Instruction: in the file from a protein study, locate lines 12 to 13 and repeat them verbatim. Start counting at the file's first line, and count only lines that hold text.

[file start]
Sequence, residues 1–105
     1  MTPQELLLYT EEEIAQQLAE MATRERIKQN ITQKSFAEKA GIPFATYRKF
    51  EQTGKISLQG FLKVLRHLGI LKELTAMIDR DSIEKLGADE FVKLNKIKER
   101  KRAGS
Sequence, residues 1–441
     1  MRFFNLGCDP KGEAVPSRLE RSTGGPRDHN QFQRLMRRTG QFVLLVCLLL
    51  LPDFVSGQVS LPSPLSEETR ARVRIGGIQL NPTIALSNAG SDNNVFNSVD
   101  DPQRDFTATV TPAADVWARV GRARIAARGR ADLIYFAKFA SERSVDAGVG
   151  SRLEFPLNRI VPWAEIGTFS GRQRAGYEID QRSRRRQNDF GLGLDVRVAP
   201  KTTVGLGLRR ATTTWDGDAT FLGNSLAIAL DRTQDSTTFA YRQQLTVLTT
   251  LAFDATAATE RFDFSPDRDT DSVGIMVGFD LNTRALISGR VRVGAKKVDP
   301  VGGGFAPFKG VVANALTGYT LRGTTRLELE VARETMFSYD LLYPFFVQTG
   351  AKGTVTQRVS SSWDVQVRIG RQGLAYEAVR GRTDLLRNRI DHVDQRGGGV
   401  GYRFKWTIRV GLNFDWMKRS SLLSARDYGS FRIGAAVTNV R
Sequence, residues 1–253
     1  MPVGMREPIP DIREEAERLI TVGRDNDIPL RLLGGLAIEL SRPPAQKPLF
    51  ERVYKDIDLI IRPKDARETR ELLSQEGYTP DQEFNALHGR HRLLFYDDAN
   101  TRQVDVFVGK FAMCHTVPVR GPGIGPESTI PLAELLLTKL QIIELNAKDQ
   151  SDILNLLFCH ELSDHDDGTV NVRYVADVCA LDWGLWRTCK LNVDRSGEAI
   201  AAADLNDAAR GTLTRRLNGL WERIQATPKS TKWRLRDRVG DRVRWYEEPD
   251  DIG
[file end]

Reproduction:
   301  VGGGFAPFKG VVANALTGYT LRGTTRLELE VARETMFSYD LLYPFFVQTG
   351  AKGTVTQRVS SSWDVQVRIG RQGLAYEAVR GRTDLLRNRI DHVDQRGGGV